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passion: all his questions on the road were how money might be saved; which was the least expensive course of travel; whether any thing could be bought that would turn to account when disposed of again in London. Such curiosities on the way as could be seen for nothing he was ready enough to look at, but, if the sight of them was to be paid for, he usually asserted that he had been told they were not worth seeing. He never paid a bill that he would not observe how amazingly expensive travelling was, and all this though he was not yet twenty-one. When arrived at Leghorn, as we took a walk to look at the port and shipping, he inquired the expense of the passage by sea home to England. This he was informed was but a trifle compared to his returning by land; he was therefore unable to withstand the temptation : so, paying me the small part of my salary that was due, he took leave, and embarked with only one attendant for London.

I now therefore was left once more upon the world at large; but then it was a thing I was used to. However, my skill in music could avail me nothing in a country where every peasant was a better musician than I; but by this time I had acquired another talent which answered my purpose as well, and this was a skill in disputation. In all the foreign universities and convents there are, upon certain days, philosophical theses maintained, against every adventitious disputant, for which, if the champion opposes with any dexterity, he can claim a gratuity in money, a dinner, and a bed for one night. In this manner, therefore, I fought my way towards England, walked along from city to city, examined mankind more nearly, and, if I may so express it

, saw both sides of the picture. My remarks, however, are but few: I found that monarchy was the best government for the poor to live in, and commonwealths for the rich. I found that riches in general were in every country another name for freedom, and that no man is so fond of liberty himself as not to be desirous of subjecting the will of some individuals in society to his own.

126.-IT WILL NEVER DO TO BE IDLE. [The following paper is extracted from a very remarkable book, published ten years ago, entitled Self-Formation; or, the History of an Individual Mind : By a Fellow of a College.' The name of the author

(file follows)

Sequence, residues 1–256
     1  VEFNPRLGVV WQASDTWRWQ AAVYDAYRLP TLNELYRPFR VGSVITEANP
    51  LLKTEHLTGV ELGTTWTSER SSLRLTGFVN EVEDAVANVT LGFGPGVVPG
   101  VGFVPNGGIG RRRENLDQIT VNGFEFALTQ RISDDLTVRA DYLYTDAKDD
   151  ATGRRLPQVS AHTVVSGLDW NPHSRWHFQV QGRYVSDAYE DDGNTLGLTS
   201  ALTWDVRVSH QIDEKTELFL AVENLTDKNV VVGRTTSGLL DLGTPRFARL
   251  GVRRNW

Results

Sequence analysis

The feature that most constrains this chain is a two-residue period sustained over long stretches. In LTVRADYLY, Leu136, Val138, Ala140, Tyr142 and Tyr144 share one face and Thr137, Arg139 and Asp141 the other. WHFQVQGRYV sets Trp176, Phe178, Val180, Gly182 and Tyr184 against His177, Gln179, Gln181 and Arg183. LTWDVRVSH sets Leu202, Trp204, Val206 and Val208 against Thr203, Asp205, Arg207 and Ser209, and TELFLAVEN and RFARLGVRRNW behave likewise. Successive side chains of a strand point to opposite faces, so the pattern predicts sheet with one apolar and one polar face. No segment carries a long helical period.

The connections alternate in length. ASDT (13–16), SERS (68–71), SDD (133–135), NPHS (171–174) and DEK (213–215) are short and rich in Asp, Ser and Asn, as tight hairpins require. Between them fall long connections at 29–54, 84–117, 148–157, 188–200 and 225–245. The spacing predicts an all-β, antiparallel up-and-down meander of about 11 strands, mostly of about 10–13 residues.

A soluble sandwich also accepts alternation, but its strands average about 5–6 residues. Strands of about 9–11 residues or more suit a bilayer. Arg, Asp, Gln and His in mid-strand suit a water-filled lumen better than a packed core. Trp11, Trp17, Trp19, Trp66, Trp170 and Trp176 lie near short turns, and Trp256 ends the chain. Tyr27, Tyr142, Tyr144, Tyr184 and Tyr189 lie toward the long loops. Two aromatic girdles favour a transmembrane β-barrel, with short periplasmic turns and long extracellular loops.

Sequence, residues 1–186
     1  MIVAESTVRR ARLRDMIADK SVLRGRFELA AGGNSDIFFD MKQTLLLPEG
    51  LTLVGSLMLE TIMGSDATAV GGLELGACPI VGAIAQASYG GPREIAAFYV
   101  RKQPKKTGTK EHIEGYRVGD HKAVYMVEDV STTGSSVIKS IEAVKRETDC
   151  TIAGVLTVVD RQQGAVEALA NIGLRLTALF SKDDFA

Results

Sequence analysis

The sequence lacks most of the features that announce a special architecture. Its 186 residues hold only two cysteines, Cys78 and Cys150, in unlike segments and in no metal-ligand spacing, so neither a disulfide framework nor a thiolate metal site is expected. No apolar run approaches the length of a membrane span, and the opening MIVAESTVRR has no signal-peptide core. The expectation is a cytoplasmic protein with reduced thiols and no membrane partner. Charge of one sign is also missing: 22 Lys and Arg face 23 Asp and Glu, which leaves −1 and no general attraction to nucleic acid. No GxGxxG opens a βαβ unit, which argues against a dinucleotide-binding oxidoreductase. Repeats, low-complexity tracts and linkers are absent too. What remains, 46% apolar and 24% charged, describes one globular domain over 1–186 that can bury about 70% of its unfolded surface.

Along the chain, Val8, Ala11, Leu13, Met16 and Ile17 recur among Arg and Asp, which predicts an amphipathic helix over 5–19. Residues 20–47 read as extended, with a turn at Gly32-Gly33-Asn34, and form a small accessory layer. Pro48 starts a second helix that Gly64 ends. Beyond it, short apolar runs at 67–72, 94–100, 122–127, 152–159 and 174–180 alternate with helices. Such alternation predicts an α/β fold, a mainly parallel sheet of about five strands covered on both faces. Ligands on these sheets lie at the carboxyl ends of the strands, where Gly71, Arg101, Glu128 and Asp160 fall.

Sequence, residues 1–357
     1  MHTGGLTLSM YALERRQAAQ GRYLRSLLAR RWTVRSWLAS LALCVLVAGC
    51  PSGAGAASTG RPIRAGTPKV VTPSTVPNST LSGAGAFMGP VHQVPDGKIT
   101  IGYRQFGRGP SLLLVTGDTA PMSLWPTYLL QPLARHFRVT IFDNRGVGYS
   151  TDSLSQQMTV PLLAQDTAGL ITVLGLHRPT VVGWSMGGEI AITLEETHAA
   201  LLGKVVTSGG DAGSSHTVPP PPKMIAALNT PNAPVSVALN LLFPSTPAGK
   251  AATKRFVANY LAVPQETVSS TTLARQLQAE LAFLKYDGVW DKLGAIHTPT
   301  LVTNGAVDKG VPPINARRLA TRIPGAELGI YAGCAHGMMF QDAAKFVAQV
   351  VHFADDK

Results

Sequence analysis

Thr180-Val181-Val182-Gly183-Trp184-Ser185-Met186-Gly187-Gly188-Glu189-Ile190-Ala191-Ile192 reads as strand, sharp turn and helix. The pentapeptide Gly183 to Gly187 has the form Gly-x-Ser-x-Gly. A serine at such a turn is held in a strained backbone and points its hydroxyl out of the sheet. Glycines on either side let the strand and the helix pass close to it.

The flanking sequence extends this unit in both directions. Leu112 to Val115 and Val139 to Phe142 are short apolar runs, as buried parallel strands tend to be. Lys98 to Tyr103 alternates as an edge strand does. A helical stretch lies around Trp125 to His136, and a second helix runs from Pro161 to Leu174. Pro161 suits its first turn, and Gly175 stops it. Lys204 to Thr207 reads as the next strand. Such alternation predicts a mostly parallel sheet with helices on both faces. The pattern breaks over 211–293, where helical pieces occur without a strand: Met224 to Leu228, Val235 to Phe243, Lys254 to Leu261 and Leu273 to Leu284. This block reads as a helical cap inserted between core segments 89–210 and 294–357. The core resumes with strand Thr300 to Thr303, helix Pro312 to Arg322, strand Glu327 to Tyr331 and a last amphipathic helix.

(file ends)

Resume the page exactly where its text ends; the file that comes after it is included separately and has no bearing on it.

is known in some literary circles; it was communicated, in professional confidence, to the Editor of `Half-Hours.' That circumstance renders it necessary that the extract should appear as taken from the work of an anonymous writer. • Self-Formation' did not attract much notice from the periodical dispensers of literary fame; but it has produced a strong impression upon competent judges of the singular ability, not unmixed with eccentricity, and the frank earnestness, with which the progress of “an individual mind,” from childhood to matu-, rity, is related. Such revelations are of inestimable value, when we can depend upon them, as we must do in this instance, as accurate pencillings of the intellect in its weakness as well as its strength.]

I was

There is a village called Cherry-Hinton, lying wide of any highway, and within two or three miles of Cambridge. The footpath to it is crossed midway, or thereabouts, by a little brook, and that brook itself, accompanied by a pathway, winds its unambitious way onward' to the village, through certain rich corn-fields and solitary meadows. This was my usual walk, my path of contemplation. From some unaccountable neglect it was very little frequented, though in itself as pretty as any out of Cambridge. Scarcely was it trodden, saye by a few late and early market-goers, and, haply, now and then a milkwoman. Vilia delectant vulgus ; the dusty footpath, with the chance of an occasional gossip, was more to the taste of the commonalty than the modest half-worn track, the verdure, the coolness, the sequestration --in a word, the poetry, of my own choice. in ne danger of interruption by my sporting friends, who would have stared at me in such a spot as if they had seen a ghost, and regarded me ever afterwards as a man under a cloud—as one addicted to strange solitary habits.